Solve real-world problems involving present value and future value of money

General Information

**Subject Area:**Mathematics (B.E.S.T.)

**Grade:**912

**Strand:**Financial Literacy

**Date Adopted or Revised:**08/20

**Status:**State Board Approved

## Benchmark Instructional Guide

### Connecting Benchmarks/Horizontal Alignment

### Terms from the K-12 Glossary

- Exponent
- Exponential function
- Linear function

### Vertical Alignment

Previous Benchmarks

Next Benchmarks

### Purpose and Instructional Strategies

In Algebra I, students explored and compared investments involving simple and compound interest and solved real world problems related to those types of investments. In Math for Data and Financial Literacy, students use their new knowledge of these interest formulas to solve real-world problems involving the present value or future value of investments.- The present value of investments is the sum of money that must be invested to achieve a specific future goal.
- To calculate the present value of an investment, students should solve their interest formula for the variable
*P*. - For single deposit investments, this leads to:

- To calculate the present value of an investment, students should solve their interest formula for the variable

- For periodic investments, this leads to:

- The future value of investments is the dollar amount that will accumulate over a given time-period when that sum is invested. Most of students’ work with interest formulas in MA.912.FL.3.1 and MA.912.FL.3.2 has focused on exploring future values of investments.
- For single deposit investments students use .
- For periodic investments students use .

- Given the complexity of the formulas used in this benchmark, be sure to calculate one example by hand and by technology to confirm any formulas entered into spreadsheet technology are calculating correctly.
- When using spreadsheet technology for analysis, multiple problems can develop as students create and enter formulas for calculations. Write sample formula entries for compound interest, = 2000 ∗ (1 + 0.04/12)^(12 ∗ 5), on the board for them to emulate to help prevent this. Note that many programs require a ∗ symbol to denote multiplication. Placing two variable (or cells) side by side may generate a REF error.
- While using spreadsheet technology, as students learn to reference other cells in their formulas, there will be cases where they want a single cell’s value, like the principle of an investment, to remain in the formula as they copy it to multiple
rows of a table. To achieve this, students should type a “$” symbol in front of the
part of the cell name they want to remain static.
- For example, when copying formulas that reference cell
*A*1 across multiple rows/columns, using $*A*1 will allow the rows to change, using*A*$1 will allow the columns to change, and using $*A*$1 will maintain that specific cell in every row/column.

- For example, when copying formulas that reference cell

### Common Misconceptions or Errors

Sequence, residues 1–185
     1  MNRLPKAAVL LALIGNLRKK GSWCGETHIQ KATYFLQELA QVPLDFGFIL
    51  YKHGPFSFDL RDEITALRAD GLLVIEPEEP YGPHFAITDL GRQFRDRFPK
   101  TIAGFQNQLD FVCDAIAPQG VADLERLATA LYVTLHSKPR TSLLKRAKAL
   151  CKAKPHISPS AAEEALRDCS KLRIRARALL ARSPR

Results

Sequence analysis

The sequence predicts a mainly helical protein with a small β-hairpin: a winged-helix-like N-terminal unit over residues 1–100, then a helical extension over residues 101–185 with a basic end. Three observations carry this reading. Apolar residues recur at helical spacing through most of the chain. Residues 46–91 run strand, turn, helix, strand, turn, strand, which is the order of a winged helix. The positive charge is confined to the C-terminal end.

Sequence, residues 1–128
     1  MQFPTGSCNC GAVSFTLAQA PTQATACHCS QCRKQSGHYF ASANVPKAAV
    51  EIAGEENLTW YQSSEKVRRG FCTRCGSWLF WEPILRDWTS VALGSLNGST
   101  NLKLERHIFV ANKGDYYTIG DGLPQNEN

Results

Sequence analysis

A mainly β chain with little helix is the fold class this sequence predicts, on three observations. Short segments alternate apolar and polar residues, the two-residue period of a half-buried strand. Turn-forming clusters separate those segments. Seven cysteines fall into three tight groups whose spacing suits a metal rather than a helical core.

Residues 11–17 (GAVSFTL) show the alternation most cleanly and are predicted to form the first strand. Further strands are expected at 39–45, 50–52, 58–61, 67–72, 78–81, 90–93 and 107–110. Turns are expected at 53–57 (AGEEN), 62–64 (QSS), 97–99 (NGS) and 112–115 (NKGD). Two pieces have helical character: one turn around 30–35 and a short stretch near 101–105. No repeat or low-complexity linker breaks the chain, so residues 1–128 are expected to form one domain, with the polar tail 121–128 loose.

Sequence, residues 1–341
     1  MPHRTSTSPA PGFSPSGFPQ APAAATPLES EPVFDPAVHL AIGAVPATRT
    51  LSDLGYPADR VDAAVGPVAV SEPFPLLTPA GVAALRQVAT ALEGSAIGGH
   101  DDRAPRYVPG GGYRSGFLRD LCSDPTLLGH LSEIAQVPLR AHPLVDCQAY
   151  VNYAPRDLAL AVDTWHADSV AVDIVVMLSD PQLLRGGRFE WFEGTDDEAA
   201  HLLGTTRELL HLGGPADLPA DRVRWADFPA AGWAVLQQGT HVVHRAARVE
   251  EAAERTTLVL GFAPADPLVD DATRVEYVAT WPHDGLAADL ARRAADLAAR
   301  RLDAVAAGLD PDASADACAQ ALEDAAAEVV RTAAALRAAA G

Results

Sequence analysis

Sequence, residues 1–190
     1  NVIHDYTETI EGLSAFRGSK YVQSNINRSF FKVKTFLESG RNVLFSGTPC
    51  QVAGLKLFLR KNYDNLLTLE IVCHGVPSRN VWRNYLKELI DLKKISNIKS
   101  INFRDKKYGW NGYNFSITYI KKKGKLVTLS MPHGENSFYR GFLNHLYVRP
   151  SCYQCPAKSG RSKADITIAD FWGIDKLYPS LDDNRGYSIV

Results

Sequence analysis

- The formula for periodic investments is complex. Students should solve portions of the formula over several steps to ensure accurate calculations. Recording these steps in writing can help identify errors for miscalculations.

### Instructional Tasks

*Instructional Task 1*

- Idris wants to save $20,000 over the next 6 years to buy her first car. She researches investment options and finds three investments to consider. Investment A offers 1.3% interest compounded monthly. Investment B offers 1.9% interest compounded semiannually. Investment C offers 2.1% interest compounded annually. For each investment, how much would Idris need to deposit each year to meet her goal? Which investment is the better deal?

### Instructional Items

*Instructional Item 1*

- Pasha invests $6,000 each year into a mutual fund that averages 11.6% interest, compounded annually. Assuming the average interest rate doesn’t change, how many years will it take for her reach $1,000,000? How many years will it take for her to reach $2,000,000?

**The strategies, tasks and items included in the B1G-M are examples and should not be considered comprehensive.*

## Related Courses

This benchmark is part of these courses.

1200388: Mathematics for Data and Financial Literacy Honors (Specifically in versions: 2022 and beyond (current))

1700600: GEAR Up 1 (Specifically in versions: 2020 - 2022, 2022 and beyond (current))

1700610: GEAR Up 2 (Specifically in versions: 2020 - 2022, 2022 and beyond (current))

1700620: GEAR Up 3 (Specifically in versions: 2020 - 2022, 2022 and beyond (current))

1700630: GEAR Up 4 (Specifically in versions: 2020 - 2022, 2022 and beyond (current))

2102305: Economics and Personal Finance Honors (Specifically in versions: 2023 and beyond (current))

## Related Access Points

Alternate version of this benchmark for students with significant cognitive disabilities.

## Related Resources

Vetted resources educators can use to teach the concepts and skills in this benchmark.

## Formative Assessment

## MFAS Formative Assessments

College Costs:

Students are asked to transform an exponential expression so that the rate of change corresponds to a different time interval.

## Student Resources

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## Parent Resources

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